Bears of the world – the Asian Black Bear

In the coming weeks, we would like to discover with you the different bear species of the world and to understand better if and how they are threatened and/or exploited by man. We will do it through a series of eight articles that will be published on our blog, one for each different species 🙂

Learning together, we’ll get to know better why bears are so important, and what can we do for them. Why bears? Here the answer in short, as an introduction:

Bears are present in America, Asia and Europe and never lived in Australia or Antarctica. As for Africa, just fossil bears have been found.

The species show lots of different aspects, ranging from size, diet, winter habits, etc, but let’s start from some of the common things of all species: bears are very intelligent and opportunistic animals with a very developed sense of smell, followed by hearing and seeing. They are born blind, toothless and hairless, weighing less than 900gr and they will need to stay with their mother for 1-3 years.

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For this first article we chose the Asian Black Bear (Ursus thibetanus):

This bear is also known as “moon bear” thanks to his large, white crescent-shaped mark appearing on his chest, and is one of the 6 species of bear that lives in Asia. Its habitat includes forests going from Afghanistan till Taiwan and Japan including Tibet and eastern-south Russia.

It’s a medium sized bear (adult male range from 100 to 200kg) and like most of other bears is omnivorous, with an opportunistic mainly vegetarian diet that changes due to the period of the year and the food availability.

Among its behaviors, it likes to climb and spends lots of time in a nest that it builds on a tree, unlike other bears, it can live in family groups (at least in captivity). As for the winter behavior, only some specimens of northern latitudes hibernate while others simply go to lower altitudes.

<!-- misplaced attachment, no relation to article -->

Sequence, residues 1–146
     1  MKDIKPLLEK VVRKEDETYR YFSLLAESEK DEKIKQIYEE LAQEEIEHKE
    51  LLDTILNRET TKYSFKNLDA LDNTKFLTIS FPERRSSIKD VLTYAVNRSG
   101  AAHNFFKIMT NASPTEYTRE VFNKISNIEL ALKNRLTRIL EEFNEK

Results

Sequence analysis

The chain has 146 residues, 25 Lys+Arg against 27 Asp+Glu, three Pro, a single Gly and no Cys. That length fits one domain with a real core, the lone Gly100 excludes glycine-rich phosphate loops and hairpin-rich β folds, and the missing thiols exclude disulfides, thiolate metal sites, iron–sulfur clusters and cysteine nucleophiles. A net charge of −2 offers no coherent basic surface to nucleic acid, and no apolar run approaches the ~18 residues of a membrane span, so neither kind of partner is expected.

Its main predators in nature are tigers and leopards, but also pack of wolves and dholes can be a menace, especially for cubs.

INTERACTION WITH HUMANS

Like with other bears, a common problem is the loss and fragmentation of habitat due to deforestation and destruction of the forests where it lives (even if in China and Japan its habitat is increasing).

The Moon Bear also has many other problems: it is hunted it for the skin and the paws (bear sport hunting is legal in Russia and Japan).

Furthermore, traditional Chinese medicine is very interested in lots of its parts, like bones and gall bladders, and for taking out the bile exist lots of Bear Farms legal in China and South Korea, where an estimated number of 8000-10000 bears are kept there (number of bears in illegal farms is of course not known). Here bears are kept in little cages with terrible conditions and usually can live to there up to 20 years!

All these bear parts are sold at a high prize and a big part of the trade is illegal.

Finally, due to its natural ability to stand on its hind legs, and its great learning ability in captivity, is often used for entertainment, such as dancing bears in India, fighting bears in Pakistan and circus bears in Vietnam, China and other parts of Asia. Often for these purpose bears are blinded and canine and claws are removed. A practice of drilling the nose (a very sensible part) for tiding them is also common.

There are lots of associations trying to aware public opinion and to save these bears. This is a documentary by one of them.

No rigorous population estimates exist for this species but the population has likely declined by 30-49% over the past 30 years.

IUCN state: VULNERABLE

Population trend: DECREASING

Teo

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